Lens of History (47?)The Mysterious Shipgirl, Part II

STEC Archives, Print Document Division
Curator signature: Tautog
Format: Message, Personal Object
Object: Collection, Personal Correspondences of New Jersey
Location (if known): STEC Archives
Time (if known): REDACTED

From: Maury (United States Shipgirl)
Cc: New Jersey (United States Shipgirl), cic_STEC@[redacted]
To: MAILIST-SERV – “STEC_shipgirls_all”, MAILIST-SERV – “Visiting Shipgirls”, MAILIST-SERV – “Naval Base Avalon, fairies”
Subject: Some clarification on recent costuming advisories…

Dear all, 

Due to several notable incidents all occurring at, or near the same time, I thought to write to everyone to clarify a little about what I was told.

Long email, so apologies for the typos

  1. Costumes are not banned, contrary to initial impressions and over-reactions. Admiral Yin feels that the current pre-deployment regulatory checks are more than sufficient in regards to combat prowess, and so unless your request gets disapproved (my understanding is that the approval of costumes fashioned from cardboard boxes were preliminary, contingent on pending performance rather than a regular occurrence) it’s definitely okay on anything but sorties without further documentation or reporting.
  2. However, for STEC archival purposes, you are required to dress in uniform or your personal outfit – the one that is “iconic” to you or recognizable to the general public.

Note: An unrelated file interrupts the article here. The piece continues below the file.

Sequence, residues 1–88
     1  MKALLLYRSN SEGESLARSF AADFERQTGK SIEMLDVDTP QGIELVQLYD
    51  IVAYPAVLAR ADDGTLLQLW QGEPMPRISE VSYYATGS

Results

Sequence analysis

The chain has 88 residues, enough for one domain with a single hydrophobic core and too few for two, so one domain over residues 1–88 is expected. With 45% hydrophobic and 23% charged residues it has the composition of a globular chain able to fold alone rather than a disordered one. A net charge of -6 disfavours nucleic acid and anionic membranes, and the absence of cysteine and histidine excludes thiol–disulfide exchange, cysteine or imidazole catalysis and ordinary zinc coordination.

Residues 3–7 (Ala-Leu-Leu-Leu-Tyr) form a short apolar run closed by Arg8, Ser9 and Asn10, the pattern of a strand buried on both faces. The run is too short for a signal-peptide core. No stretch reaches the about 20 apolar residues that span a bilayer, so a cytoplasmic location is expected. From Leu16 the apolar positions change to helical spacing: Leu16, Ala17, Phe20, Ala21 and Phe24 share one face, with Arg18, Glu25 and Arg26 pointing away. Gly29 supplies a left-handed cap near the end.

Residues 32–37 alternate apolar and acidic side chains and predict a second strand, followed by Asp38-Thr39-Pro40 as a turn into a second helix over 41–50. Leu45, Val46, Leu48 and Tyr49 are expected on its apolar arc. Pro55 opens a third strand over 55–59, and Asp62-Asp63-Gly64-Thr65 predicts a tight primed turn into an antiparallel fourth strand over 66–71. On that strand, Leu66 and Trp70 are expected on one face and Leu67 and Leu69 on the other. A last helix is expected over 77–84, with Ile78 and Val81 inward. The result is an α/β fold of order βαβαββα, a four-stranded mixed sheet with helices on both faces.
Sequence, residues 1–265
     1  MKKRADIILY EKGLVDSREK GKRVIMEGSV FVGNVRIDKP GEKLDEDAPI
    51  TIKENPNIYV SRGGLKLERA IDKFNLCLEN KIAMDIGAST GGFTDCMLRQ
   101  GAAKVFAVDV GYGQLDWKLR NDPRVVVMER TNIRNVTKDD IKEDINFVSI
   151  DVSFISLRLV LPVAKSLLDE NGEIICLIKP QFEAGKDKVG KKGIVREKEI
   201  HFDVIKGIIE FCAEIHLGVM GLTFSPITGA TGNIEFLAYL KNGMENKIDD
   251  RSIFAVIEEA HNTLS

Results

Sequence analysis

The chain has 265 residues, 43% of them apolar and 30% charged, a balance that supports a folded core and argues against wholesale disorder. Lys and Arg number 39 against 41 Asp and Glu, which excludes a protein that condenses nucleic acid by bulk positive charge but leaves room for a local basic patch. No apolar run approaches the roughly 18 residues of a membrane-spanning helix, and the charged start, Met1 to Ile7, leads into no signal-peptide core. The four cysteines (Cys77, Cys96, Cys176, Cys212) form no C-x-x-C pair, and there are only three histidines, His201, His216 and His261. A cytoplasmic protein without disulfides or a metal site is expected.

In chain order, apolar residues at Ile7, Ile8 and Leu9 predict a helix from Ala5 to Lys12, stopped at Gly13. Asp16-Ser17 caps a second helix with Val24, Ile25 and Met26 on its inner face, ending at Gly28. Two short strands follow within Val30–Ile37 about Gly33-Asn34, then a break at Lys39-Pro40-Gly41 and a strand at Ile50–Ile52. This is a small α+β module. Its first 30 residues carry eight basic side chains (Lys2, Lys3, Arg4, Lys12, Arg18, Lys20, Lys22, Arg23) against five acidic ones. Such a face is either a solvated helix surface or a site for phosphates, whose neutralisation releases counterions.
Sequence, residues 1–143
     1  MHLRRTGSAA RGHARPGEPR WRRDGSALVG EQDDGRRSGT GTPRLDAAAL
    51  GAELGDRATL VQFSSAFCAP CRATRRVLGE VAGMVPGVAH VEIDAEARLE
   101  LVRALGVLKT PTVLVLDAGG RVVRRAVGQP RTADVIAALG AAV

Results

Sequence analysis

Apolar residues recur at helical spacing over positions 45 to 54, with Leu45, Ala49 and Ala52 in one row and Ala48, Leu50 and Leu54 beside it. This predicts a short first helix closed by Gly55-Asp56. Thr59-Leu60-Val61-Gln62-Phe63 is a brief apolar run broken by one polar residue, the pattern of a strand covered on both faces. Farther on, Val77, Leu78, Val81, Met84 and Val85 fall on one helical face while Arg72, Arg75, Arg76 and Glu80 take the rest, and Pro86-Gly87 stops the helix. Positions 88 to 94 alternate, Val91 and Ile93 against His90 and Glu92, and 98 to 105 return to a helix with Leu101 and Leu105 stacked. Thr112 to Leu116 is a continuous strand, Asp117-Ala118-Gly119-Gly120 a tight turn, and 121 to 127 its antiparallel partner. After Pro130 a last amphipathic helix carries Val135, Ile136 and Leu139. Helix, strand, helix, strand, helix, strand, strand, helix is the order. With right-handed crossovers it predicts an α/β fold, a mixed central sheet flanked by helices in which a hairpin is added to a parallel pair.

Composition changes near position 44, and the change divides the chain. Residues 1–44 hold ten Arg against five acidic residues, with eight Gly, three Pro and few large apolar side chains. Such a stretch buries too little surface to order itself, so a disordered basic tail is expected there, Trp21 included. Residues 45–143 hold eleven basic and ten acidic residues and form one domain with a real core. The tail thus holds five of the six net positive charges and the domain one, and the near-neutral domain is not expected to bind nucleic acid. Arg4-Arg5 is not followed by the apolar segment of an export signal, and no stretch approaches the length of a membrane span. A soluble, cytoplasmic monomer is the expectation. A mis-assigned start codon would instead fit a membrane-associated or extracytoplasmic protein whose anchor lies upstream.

3. On specific costuming regulations: you can do what you’d like, but just know that it’s potentially headache for a lot of our other departments down the line, particularly Legal and PR. I admit that while it was fun dressing up as [REDACTED] for the last sortie, I was also unaware of the potential ramifications of issues such as unauthorized usage of copyrighted characters. This is why the advisory strongly advises against costumes based on non-public domain entities.
  4. As a follow-up to this, CARONA [curator’s note: Maury is likely referring to the CORONA AI program] is running at maximum capacity going over the footages collected over the last six weeks to redact any of the said non-public domain costuming choices made during training or sortie. If you wish to disclose anonymously any information that may be helpful, there’s a link attached. 
  5. Non-STEC shipgirls deployed under STEC authorization or is active within STEC’s roster as exchange programs fall under the same rules and regulations.
  6. Furthermore, if you choose to costume, exact dimensions, materials, and capabilities of your costume must be reported on the new form (also linked below) from now on. This is because of [redacted], where [redacted]. Due to the technology involved, STEC was aware that the exercise was fully authorized and the nature of the costumes were disclosed beforehand. However, it must be stressed that in particular, [redacted] lack reliable CID. Even if it was specifically timed to coincide with the filming of [redacted] as a way to gauge potential public reaction, STEC has advised to cancel all test runs of a similar nature to the [redacted] to give our allies an opportunity to recover from the resultant performance.
  7. No, the costume mentioned in #6 does not have to be destroyed. Command has not given specifications about what is permissible as the investigation is still pending, but the official advisory sent out earlier today makes it clear that it must stay on land, specifically Avalon base, rather than simply being barred from a 500 mile radius ocean-side to Tokyo.

I think that’s all. Please let me know if you have questions.